the woman responded to the serpent

In the above, i means to it (that is, to the snake) and is expressed in combination with al madrac.

You now encounter the first-person plural of the presint indicatîf of the verb podê:

o podìn
we can

o podìn mangjâ
we can eat

You have already seen the feminine noun la pome, meaning fruit. You first encountered it in Gjenesi 1:12.

Verset 3

Dome che means but. You will recall that tal mieç di means in the middle of.

dome che de pome dal arbul
but of the fruit of the tree

che al è tal mieç dal zardin
that is in the middle of the garden

You will also recall the expression vê di, meaning must, to have to; in this verse, you find the verb conjugated in the second-person plural, presint indicatîf:

o vês di
no vês di

you must
you must not

o vês di mangjânt
no vês di mangjânt
you must eat of it
you must not eat of it

Not only do you find nt (meaning of it) attached to the infinitive mangjâ, you also find it attached to tocjâ (to touch):


You first encountered mangjânt in Gjenesi 2:17, where you read no tu âs di mangjânt (you must not eat of it), where the second-person singular was used instead.

Ni… ni means neither… nor.

no vês ni di mangjânt ni di tocjânt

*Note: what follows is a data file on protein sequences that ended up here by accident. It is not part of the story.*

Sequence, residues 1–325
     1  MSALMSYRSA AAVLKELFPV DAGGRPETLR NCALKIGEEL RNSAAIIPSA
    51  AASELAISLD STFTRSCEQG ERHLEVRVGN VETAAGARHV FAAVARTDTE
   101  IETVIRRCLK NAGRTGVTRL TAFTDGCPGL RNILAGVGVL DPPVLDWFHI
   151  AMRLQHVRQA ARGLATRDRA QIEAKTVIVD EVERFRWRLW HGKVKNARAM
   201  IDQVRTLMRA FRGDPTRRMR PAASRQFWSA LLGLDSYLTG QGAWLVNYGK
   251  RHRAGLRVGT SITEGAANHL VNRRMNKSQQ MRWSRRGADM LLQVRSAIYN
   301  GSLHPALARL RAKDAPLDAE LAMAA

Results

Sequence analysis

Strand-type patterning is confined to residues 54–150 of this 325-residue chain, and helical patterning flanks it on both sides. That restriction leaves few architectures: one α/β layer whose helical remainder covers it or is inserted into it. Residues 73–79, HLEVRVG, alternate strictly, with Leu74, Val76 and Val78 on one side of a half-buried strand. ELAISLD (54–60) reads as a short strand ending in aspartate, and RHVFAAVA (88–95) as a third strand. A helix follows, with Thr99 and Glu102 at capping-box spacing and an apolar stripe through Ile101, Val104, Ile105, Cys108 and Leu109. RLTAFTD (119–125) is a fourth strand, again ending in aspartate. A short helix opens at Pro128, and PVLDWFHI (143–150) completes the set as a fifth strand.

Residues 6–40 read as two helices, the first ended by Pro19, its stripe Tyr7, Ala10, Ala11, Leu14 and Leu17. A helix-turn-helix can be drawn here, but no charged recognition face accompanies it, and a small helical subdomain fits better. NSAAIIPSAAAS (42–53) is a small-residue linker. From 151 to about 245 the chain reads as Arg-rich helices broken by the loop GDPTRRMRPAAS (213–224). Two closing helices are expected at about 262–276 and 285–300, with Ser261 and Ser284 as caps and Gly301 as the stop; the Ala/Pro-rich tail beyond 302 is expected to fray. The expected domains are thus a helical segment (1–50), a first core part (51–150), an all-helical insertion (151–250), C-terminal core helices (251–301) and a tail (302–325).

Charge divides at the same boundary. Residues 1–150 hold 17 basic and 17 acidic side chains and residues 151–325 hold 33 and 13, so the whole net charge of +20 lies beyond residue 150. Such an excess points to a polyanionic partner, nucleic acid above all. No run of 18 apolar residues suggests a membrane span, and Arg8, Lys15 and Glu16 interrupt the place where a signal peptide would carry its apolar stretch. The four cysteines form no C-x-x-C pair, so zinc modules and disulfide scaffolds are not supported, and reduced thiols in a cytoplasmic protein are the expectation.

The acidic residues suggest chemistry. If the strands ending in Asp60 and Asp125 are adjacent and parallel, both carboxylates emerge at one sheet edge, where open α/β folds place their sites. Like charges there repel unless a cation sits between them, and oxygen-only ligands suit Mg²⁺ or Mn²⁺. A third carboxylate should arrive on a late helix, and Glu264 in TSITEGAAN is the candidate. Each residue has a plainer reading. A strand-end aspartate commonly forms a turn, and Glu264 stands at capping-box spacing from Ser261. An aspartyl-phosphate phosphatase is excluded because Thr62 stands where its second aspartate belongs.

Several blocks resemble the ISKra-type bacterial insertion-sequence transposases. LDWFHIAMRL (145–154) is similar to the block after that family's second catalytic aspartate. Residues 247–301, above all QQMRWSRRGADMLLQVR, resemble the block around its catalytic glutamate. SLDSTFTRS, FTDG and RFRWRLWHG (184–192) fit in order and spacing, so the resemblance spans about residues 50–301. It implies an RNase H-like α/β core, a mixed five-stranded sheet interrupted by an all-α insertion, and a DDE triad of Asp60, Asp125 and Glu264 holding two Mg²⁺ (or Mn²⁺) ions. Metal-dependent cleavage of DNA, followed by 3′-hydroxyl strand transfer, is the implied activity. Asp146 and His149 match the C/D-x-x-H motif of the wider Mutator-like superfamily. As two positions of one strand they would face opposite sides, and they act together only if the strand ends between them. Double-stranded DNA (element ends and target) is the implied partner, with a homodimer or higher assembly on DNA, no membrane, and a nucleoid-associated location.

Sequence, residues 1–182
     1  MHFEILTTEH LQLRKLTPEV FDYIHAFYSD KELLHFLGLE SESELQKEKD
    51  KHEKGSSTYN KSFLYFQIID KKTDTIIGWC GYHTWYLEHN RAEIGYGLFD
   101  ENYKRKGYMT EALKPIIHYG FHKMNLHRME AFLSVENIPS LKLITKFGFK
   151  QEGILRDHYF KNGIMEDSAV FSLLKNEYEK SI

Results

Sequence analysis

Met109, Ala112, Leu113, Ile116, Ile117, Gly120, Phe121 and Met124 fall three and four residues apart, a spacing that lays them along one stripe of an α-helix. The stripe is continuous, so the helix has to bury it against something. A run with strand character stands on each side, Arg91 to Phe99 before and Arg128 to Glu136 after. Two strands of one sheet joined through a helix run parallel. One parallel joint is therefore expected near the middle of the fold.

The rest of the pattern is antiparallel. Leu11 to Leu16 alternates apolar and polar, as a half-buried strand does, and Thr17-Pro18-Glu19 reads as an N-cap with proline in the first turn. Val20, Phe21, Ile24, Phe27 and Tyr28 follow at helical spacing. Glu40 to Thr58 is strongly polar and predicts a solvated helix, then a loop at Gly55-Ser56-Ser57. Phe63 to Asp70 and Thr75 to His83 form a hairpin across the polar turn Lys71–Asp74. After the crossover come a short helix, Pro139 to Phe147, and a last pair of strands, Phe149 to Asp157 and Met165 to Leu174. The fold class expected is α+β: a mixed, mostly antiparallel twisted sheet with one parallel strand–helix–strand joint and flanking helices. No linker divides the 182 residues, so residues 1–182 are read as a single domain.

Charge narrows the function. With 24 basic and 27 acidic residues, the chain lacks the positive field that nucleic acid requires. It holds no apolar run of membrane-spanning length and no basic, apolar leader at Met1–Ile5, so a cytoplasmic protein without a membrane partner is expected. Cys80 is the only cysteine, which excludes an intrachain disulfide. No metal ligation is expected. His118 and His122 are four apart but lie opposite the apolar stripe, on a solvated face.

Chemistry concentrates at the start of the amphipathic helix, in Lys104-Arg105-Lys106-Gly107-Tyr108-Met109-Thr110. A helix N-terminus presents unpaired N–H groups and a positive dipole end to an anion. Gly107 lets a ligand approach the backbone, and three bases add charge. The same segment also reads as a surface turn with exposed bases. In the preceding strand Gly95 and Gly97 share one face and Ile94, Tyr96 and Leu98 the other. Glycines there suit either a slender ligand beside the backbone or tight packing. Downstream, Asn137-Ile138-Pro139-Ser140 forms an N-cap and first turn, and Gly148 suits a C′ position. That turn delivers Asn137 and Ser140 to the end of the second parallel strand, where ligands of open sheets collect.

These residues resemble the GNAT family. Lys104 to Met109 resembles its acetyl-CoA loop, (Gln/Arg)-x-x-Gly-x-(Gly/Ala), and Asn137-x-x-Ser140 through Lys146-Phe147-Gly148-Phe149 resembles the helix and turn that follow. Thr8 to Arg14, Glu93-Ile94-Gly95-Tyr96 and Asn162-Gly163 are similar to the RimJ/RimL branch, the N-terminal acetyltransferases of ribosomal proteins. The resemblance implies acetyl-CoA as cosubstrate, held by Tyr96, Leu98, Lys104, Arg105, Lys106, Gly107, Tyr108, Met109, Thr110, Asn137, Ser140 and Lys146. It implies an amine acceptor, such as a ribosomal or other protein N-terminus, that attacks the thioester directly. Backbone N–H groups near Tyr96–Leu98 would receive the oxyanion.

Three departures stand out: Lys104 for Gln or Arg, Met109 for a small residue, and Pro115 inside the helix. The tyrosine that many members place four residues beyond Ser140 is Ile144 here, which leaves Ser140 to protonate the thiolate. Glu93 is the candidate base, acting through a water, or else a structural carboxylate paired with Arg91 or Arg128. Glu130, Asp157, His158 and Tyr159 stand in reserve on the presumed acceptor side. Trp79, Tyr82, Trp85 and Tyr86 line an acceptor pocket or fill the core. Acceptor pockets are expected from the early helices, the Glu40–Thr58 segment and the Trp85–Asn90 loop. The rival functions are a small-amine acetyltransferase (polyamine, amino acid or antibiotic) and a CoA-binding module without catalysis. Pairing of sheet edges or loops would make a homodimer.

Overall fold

you must neither eat of it nor touch of it

Senò means otherwise.

senò o murirês
otherwise you will die

You will have guessed that o murirês is the second-person plural of the futûr sempliç of the verb murî (to die).

Verset 4

Compare the beginning of this verse with the wording that you saw in the second verse above:

i disè il madrac a la femine
the snake said to the woman

i rispuindè la femine al madrac
the woman responded to the serpent

You see that a la femine (to the woman) and al madrac (to the serpent) are coupled with the use of i, meaning to her (in the first example) and to him (in the second).

The verb çavareâ (or çavariâ) means to rave, to go mad. In the presint indicatîf, its second-person plural form is o çavareais (you are raving). To transform o çavareais into its interrogative form, the atonic o is shifted to the end of the verb:

are you raving?

The adjective vêr means true; its feminine form is vere.

no je vere ch’o murirês
it is not true that you will die

Note the use of the feminine in no je vere che. E je vere che (it is true that) and no je vere che (it is not true that) can be used to make an objection.

Verset 5